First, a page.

As can be seen in Figure 3, in each of the last five years there have been 14 or fewer days of unhealthful air quality. To add to Riemer’s remarks, the driving force behind the improvement of air quality at a national level is the introduction and revisions of the Clean Air Act.  According to the EPA, from 1970-2015 aggregate national emissions from the six common pollutants alone dropped an average of 70 percent while GDP grew by 246 percent” (2017).  This Federal legislation was also coupled with local planning and efforts that helped the Metropolitan region achieve this success.  There have been various greenhouse gas emission plans and environmental justice plans that have been developed on the local level in the Metropolitan area to tackle the issues of air quality.  Although the data show great progress, there is still work to be done, especially on ground-level ozone, which is a colorless gas created when air pollutants react on hot, sunny summer days.  The region meets all the standards for Federal health and air quality except with ground-level ozone.  Although there has been a general downward trend of ground level ozone, we are still hovering right above the suggested max amount (revised to 70ppb in 2015) (see figure 4).  

 8 Hour Ozone Design Values

Figure 4. 8-hour Ozone Design Values in the DC-MD-VA Nonattainment Area (1999-2017). Source: Metropolitan Washington Council of Governments

The Metropolitan area has seen promising increases in air quality due to local and Federal legislation.  However, climate change will not be easily reversed, and with it will come more frequent and intense extreme weather events such as heat waves and droughts, which may bring bad air quality episodes.  Without a worldwide effort to curb greenhouse gas emissions, the consequences of climate change will continue to plague regions around the world.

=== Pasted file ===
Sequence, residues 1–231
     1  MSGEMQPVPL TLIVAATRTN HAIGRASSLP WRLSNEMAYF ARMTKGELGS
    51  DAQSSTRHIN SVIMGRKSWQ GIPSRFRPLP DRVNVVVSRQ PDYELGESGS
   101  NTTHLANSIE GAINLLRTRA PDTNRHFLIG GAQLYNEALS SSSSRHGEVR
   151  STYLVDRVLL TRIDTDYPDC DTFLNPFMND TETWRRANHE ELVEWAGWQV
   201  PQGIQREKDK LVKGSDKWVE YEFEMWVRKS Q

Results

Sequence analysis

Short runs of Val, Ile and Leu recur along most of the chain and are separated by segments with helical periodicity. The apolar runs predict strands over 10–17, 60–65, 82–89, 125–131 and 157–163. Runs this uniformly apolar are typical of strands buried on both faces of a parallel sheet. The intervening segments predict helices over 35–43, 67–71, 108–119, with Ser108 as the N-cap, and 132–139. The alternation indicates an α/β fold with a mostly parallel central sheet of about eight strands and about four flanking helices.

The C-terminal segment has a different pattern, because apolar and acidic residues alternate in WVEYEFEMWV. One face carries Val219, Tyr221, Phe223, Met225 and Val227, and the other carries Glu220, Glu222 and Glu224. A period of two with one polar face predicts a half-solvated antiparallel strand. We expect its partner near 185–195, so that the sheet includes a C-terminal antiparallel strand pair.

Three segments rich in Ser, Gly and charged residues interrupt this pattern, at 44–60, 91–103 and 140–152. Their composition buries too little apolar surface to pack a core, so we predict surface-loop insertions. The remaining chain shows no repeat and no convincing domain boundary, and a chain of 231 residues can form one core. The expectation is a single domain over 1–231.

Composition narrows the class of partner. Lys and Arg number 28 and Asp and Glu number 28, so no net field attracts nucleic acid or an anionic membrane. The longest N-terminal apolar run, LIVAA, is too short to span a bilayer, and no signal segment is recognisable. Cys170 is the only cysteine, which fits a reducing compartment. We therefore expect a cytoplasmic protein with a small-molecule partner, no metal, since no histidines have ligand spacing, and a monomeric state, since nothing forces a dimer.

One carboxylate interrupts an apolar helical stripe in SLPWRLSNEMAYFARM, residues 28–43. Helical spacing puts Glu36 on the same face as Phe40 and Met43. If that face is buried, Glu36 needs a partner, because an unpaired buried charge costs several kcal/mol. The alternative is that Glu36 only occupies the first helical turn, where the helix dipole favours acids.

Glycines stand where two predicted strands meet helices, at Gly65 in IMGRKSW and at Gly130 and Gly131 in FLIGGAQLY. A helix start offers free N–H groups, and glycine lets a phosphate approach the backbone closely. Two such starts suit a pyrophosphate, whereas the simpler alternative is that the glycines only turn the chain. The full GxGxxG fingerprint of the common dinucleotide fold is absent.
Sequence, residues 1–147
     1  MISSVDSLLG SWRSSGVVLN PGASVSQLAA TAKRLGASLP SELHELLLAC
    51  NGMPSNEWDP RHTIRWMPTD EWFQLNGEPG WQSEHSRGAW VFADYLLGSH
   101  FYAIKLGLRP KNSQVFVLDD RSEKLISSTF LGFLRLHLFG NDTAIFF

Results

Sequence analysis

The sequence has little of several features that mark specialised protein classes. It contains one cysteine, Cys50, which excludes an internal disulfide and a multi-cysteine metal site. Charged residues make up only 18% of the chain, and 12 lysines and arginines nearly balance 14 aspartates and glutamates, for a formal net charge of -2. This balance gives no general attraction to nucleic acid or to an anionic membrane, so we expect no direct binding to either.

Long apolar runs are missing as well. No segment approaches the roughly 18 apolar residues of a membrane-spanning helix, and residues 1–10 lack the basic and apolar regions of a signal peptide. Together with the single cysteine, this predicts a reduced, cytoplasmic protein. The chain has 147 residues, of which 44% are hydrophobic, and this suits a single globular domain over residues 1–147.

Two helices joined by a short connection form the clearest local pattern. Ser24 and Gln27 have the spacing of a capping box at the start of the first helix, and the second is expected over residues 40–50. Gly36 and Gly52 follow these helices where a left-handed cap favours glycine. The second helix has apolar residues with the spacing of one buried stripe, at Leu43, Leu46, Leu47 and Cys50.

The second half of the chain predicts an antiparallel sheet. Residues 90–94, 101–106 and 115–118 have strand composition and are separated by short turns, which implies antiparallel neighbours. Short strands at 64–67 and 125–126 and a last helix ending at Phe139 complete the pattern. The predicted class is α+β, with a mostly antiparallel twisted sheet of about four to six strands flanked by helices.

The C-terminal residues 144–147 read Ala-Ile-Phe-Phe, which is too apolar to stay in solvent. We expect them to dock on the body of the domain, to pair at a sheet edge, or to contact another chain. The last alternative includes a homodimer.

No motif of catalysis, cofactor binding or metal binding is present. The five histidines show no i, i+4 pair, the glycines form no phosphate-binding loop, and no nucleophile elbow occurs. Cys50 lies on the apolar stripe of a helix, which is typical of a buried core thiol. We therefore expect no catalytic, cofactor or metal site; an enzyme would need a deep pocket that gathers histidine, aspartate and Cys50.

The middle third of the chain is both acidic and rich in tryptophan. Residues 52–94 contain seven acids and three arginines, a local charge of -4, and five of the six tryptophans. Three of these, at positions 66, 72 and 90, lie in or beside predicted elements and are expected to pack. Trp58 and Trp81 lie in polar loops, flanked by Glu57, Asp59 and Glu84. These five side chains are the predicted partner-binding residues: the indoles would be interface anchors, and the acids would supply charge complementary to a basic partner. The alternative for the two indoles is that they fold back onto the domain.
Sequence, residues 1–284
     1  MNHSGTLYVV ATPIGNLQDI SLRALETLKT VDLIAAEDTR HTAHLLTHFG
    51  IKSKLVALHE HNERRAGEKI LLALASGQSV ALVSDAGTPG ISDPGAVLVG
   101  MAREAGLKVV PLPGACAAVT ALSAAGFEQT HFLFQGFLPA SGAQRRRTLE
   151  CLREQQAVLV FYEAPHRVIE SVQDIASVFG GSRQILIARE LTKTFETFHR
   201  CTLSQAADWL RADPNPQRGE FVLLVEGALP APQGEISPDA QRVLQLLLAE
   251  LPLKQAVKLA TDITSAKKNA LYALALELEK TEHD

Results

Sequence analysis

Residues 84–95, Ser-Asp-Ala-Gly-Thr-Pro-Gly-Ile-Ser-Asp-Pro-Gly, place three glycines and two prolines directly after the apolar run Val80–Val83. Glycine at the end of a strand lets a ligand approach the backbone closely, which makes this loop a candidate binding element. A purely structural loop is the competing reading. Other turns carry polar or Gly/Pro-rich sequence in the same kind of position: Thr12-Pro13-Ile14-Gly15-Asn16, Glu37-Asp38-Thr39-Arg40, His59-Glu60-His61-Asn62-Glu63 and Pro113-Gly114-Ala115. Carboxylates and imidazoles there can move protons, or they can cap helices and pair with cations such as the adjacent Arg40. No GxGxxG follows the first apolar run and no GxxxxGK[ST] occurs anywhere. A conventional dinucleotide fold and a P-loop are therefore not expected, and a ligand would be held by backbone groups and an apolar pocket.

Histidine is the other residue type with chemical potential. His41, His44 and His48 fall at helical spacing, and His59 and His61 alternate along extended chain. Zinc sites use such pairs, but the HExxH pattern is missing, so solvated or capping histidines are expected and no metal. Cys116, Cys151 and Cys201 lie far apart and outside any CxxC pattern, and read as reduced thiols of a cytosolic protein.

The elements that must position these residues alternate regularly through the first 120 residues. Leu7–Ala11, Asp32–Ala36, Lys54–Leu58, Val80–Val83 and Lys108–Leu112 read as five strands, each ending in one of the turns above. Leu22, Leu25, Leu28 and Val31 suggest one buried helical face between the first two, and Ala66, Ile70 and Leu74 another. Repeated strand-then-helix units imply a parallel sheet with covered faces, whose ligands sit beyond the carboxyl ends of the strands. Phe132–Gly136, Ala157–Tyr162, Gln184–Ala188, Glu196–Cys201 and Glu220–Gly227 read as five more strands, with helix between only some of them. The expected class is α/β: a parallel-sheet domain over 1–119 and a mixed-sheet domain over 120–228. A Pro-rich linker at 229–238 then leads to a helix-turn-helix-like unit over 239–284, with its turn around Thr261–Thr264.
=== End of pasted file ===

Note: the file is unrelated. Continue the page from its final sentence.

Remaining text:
Georgia Environmental Protection Division: Air Protection Branch, 1994. Information about the Pollution Standard Index. (accessed 12.21.17).

McCarthy, J.J., Intergovernmental Panel on Climate Change. Working Group II., 2001. Climate change 2001 : impacts, adaptation, and vulnerability : contribution of Working Group II to the third assessment report of the Intergovernmental Panel on Climate Change. Cambridge University Press, Cambridge, UK. (accessed 12.21.17)

Metropolitan Washington Council of Governments, 2017. No “Code Red,” fewer “Code Orange” air quality days recorded in metropolitan Washington - News Release. (accessed 12.21.17).

U.S. Department of Commerce, National Oceanic and Atmospheric Administration, National Centers for Environmental Information, 2014. The Impact of Weather and Climate Extremes on Air and Water Quality. (accessed 12.21.17).

Related article:

Peterson, T.C., Karl, T.R., Kossin, J.P., Kunkel, K.E., Lawrimore, J.H., McMahon, J.R., Vose, R.S., Yin, X., 2014. Changes in weather and climate extremes: State of knowledge relevant to air and water quality in the United States. Journal of the Air & Waste Management Association 64, 184–197.